“You’re a wizard, Harry.” –JK Rowling
I remember my first glimpse of the wizarding world. I was 9 years old and I was unimpressed. It was the year JK Rowling took my generation by storm and everyone was talking about Harry Potter, “The Boy Who Lived.”
Now, understand, I read A LOT. I was interested in stories, in the art of story telling and I read everything and anything of quality that could feed that hunger. But this just didn’t appeal to me at all, this boy-wizard.
So the kid’s a wizard. What’s the big deal? Lord Volde-who? What’s a Muggle, and who in their right mind would name their kid “Hermee-on”? Boring! Let me get back to my literary feast of Redwall (Brian Jacques) and Narnia (CS Lewis), Roots (Alex Haley), and Julie of the Wolves (Jean Craighead George).
Fast forward to my first year of high school, when in spite of what I thought of as all the hype, I decided to give Harry a second chance. I fell in love.
I devoured the first three books and their accompanying films. I re-read and re-watched everything. And Harry Potter became my summer obsession. The Goblet of Fire, book then film. The Order of the Phoenix, The Half-blood Prince, The Deathly Hallows, and all subsequent films.
I have several distinct memories of sitting by my locker, eyes glued to the page and of striving to complete my homework as fast (and as well) as humanly possible, to race up to bed and be rewarded with a new chapter of life at Hogwarts.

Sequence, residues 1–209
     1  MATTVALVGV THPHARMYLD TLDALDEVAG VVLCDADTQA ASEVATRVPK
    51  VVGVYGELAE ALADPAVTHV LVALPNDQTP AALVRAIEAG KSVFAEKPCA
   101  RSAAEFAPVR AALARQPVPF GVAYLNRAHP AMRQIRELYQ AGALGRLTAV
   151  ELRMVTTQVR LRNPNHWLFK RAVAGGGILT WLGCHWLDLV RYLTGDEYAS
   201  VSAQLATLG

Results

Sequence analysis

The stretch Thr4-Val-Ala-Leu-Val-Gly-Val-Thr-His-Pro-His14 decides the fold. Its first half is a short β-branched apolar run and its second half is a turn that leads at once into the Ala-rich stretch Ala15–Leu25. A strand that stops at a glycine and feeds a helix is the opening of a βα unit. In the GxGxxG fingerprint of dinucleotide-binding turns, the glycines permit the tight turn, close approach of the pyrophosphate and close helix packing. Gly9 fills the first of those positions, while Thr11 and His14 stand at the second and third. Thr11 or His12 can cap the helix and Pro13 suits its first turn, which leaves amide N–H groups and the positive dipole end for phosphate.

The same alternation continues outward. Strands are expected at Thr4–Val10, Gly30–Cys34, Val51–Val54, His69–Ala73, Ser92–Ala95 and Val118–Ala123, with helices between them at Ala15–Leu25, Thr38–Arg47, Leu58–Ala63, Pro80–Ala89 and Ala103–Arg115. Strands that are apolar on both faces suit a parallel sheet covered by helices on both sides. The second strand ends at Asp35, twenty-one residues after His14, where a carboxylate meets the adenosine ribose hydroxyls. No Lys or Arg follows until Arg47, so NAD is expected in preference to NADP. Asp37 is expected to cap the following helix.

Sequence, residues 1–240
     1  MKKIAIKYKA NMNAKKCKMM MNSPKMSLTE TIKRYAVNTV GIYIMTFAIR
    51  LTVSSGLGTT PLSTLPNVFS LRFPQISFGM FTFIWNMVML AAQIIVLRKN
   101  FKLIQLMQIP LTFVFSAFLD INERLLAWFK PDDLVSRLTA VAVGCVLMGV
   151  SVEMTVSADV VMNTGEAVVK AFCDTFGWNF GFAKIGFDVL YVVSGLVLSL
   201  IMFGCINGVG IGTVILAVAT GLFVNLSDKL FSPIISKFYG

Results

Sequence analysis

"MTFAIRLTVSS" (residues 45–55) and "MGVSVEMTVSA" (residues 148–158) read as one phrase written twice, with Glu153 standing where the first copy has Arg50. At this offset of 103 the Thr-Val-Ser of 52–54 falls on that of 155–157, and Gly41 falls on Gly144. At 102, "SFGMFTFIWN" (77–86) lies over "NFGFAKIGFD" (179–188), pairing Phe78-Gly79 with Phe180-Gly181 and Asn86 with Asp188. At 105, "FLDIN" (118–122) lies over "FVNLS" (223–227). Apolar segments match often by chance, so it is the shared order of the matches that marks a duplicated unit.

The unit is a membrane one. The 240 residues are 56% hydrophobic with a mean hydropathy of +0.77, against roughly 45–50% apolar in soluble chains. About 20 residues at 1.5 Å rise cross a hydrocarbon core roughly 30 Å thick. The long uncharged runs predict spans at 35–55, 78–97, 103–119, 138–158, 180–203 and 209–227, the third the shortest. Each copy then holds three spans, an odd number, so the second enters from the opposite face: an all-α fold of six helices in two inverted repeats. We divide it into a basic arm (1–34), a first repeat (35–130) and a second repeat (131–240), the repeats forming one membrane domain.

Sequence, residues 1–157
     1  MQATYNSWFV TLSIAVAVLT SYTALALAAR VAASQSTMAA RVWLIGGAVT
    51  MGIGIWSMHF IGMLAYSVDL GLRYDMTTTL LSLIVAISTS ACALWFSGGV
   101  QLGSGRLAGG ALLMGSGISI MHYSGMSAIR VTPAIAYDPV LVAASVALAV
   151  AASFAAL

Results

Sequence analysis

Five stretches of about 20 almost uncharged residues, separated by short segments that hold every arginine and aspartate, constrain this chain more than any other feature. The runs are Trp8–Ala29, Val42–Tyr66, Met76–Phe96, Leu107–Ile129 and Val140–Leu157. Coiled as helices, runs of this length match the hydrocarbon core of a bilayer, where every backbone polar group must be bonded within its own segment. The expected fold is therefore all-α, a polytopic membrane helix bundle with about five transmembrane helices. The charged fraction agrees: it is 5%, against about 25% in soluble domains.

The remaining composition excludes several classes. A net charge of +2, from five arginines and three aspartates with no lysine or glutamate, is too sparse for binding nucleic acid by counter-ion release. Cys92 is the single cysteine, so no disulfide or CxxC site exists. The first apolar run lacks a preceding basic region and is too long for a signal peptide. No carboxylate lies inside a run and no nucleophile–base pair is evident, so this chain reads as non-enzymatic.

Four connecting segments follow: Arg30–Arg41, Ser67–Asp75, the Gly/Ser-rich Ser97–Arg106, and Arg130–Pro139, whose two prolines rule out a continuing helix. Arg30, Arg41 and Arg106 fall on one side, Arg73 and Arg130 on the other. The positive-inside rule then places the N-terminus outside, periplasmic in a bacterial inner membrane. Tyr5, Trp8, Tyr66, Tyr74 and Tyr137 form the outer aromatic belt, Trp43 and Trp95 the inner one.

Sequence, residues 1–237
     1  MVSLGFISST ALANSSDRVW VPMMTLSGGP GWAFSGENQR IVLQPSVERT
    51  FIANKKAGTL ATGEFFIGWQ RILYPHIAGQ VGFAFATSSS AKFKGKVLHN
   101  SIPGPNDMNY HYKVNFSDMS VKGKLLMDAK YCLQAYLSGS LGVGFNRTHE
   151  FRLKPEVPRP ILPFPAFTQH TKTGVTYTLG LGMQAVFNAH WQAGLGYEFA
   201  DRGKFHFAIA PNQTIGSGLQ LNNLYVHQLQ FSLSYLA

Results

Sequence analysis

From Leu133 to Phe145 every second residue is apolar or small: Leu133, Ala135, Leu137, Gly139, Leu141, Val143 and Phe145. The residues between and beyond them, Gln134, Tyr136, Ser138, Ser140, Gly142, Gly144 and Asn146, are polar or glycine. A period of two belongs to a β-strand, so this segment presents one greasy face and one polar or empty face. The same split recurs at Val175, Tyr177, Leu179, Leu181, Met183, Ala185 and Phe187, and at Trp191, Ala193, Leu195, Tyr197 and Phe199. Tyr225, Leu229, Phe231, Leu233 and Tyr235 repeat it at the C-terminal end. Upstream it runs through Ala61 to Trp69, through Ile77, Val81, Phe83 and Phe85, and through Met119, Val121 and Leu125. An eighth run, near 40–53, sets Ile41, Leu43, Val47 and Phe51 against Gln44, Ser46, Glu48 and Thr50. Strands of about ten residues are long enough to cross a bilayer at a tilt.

For literary instalments 5, 6 and 7, when I wasn’t swimming in the pool, I was parked at the picnic table. This is just absolutely perfect! Yes! Don’t interrupt me, I’m READING!
They were the best summers on record. I re-read. I re-watched. I waited for the movies, I waited for the books and kept the Fantasy fire roaring with King Arthur, and The Lord of the Rings, and Bobby Pendragon.
And when all of it came to its final conclusion a few years back, I cried. What a ride! What amazing work! And what the heck was I supposed to do NOW? 🙂 No more Hogwarts. No more Camelot. No more Travellers. No more Middle Earth.
These books, and others like them, were (and still are) my dear friends. Being able to create such a vibrant, fascinating world with words is a gift, and I am always looking for works that can bring that sense of adventure and mastery.